Putting Money Back Into Households

When we think of oil and gas prices, we often think about how much money we spend on gasoline each year for our cars.  Cars are an essential part of American life, especially in areas where driving is the only way to get from one place to another.  Many Americans rely on their cars in order to get to work and make money to pay their bills.  So when there are sharp rises in gasoline prices, due to increased prices of crude oil, families and individuals feel the impact.

During the summers in the last decade where gasoline prices sharply increased, families have had to shell out over $50 or more to fill up their gas tank that normally would be $25 in the current economy, without any increase in income.  So, why was 2016 different and how does that help families across the country?

Money Back into Wallets

The number one thing that lower oil and natural gas prices does is help families to retain money that they could have spent on things like gasoline for their cars.  According to the American Automobile Association (AAA), “Lower gasoline prices saved Americans more than $115 billion in 2016 compared to 2014…[and] the $115 billion equates to $550 per licensed driver. Here is another way we can break it down: divided among, the average household saved approximately $1,000 last year compared to 2014.”  This extra $1,000 that families retained went on to be spent in other areas such as education, health care, and increased standard of living for many families.     


It’s Not Just Gasoline

While the reduced price of crude oil and gasoline has helped to improve available income for many households, it’s not the only product making a big impact.  Natural gas prices also stayed relatively low, allowing homes to be heated and cooled at affordable rates.  With a large percentage of coal power plants being shut down, many thought electricity prices would skyrocket. Instead, increased fracking of natural gas has allowed many families to save money on their monthly utility bills while still moving towards a more environmentally-friendly option.  The energy industry couldn’t predict the boom that would happen with fracking, and the benefits that it would provide across many different areas.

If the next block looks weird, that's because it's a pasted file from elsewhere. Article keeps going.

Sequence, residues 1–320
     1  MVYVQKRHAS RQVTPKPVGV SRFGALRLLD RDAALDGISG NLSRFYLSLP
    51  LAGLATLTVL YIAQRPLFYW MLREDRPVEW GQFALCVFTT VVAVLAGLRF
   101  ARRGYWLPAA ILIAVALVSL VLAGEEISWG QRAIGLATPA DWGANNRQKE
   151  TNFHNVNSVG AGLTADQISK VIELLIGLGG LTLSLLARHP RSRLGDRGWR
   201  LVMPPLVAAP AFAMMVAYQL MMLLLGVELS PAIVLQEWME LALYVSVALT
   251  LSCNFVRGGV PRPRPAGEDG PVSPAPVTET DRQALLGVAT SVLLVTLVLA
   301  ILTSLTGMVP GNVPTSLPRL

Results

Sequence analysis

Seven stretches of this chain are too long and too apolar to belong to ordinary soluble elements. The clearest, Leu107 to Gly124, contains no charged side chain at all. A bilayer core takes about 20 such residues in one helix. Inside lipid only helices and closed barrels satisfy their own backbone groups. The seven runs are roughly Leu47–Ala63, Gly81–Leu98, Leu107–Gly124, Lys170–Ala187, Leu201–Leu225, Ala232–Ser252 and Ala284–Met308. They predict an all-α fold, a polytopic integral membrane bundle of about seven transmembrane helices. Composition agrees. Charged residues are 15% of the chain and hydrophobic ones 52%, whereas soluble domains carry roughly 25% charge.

Economic Complexity

Fracking, and the various areas of everyday life that it impacts, is an often complex issue.  In 2017, fracking and the fracking industry, including everything from engineers to companies that provide above ground storage tanks for frac fluid, will be tested in terms of sustainability and advancement.  With OPEC shorting the international oil supply, many countries will be relying on more affordable, cleaner-burning natural gas.  Allowing oil prices to rise is closely tied with an economic downturn.  In fact, lower oil and gas prices are directly tied to “job creation and economic prosperity,” notes Forbes contributor James Taylor.  “Ever since the OPEC price shocks began in the 1970s, rising oil prices have immediately preceded every significant rise in U.S. unemployment and falling oil prices have immediately preceded every significant decline in U.S. unemployment.”  

It may not be easy to see all the different variables that go into fracking’s impact on the economy, but they are strong and very prevalent in the current day and age.  Fracking has empowered a shift away from coal and helped to keep energy bills affordable for many.  

If you work with a fracking organization, opt for the above ground storage tanks, from Well Water Solutions, for frac fluid storage onsite, and know you’re helping many families save money on their important households expenses each year.       

Our Director
Willaim wright

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